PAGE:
These are just a couple of things that are appearing right now. What we need to know is how much more warming is expected, on a reasonable probability, 10-years, 20-years and 30-years from now. Just give us a "best case" scenario so that we can at least begin the risk assessment, management and aversion processes now.
There's a wide range of options and there used to be a lot more. The best of these passed in the 1960's when we didn't understand what was happening. There has been a succession of "next best" options that has come and go in the decades since then. Today's best options aren't nearly as good as those in the past but they're in all probability far better than the options we'll have ten years from now. Sooner or later we'll be compelled to take some option but if we wait much longer it probably won't be very pleasant or particularly effective.
I'm saying let's deal with a "best case" scenario and let's do that today. And while we actually do something tangible to help ourselves, to try to prepare for what's coming, we can still continue to "hope" we can avoid the "worst case" scenario. Does that really sound pessimistic to you?
Anon, judging by your reasoning I believe you are Mound. Primarily we do not disagree. All I am saying is that humans will take appropriate action to avoid or at least minimize the looming environmental disaster. Yes we need to keep at it as individuals, as a society and as a global community.
However, if you feel that end is near and nothing can be done. Then I do not know how to respond to you other than that there is a beginning and end to everything and earth and life on it may meet the same destiny.
I have your point LD but just when do you think we're going to begin to "take appropriate action to avoid or at least minimize the looming environmental disaster"?
While I really hope your hope is well grounded I would like to see some sign that it's more than a hope.
You misread me if you think I'm suggesting that "nothing can be done." I have tried to emphasize that Canadians have one of the very few countries that will afford options for remediation and adaptation - if we're willing to take them in time.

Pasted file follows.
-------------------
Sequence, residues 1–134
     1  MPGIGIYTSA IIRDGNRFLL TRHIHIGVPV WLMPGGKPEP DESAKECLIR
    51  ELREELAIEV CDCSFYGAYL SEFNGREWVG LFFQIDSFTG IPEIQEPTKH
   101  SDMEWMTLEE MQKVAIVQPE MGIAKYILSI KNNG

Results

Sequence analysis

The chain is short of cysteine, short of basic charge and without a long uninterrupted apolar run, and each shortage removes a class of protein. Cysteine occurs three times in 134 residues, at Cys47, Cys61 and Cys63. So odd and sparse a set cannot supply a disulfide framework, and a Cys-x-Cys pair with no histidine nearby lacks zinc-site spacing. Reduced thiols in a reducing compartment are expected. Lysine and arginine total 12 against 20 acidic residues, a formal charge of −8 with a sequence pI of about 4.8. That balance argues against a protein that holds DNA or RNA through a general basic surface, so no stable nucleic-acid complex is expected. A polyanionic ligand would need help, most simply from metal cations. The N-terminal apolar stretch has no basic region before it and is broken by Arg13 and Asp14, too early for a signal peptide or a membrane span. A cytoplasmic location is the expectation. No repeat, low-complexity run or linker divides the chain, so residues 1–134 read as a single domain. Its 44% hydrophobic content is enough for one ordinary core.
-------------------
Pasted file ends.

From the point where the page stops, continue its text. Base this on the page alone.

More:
It's a fundamental rule of life that you hope for the best and prepare for the worst. That's why we send those annual cheques in for our home insurance. What I'm asking is that we take the same approach to climate change but, in order to do that, we first need the government to release reliable forecasts of what we must expect and what we can hope to avoid. The Brits are doing this, why shouldn't we?
I suggest that the writers here on this blog take a couple of months and visit China. When a person can only make out the outline of a building the third street over from air pollution laced with chemicals that can be tasted in the mouth....that is no exaggeration,been there seen it, tasted it.... then you wouldn't be talking about a person presenting themselves in their writing as being "too pessimistic" regarding climate change. It is a fact not a maybe that something needs to be done "now" but those who can do something about our problem are not listening. I've become fedup with the attitude of governments in North America who only care about corrupt corporations and their money. It's the same old, same old. A. Morris
I wrote in my previous comment,
"Yes we need to keep at it as individuals, as a society and as a global community."
I hope that clarifies my postition.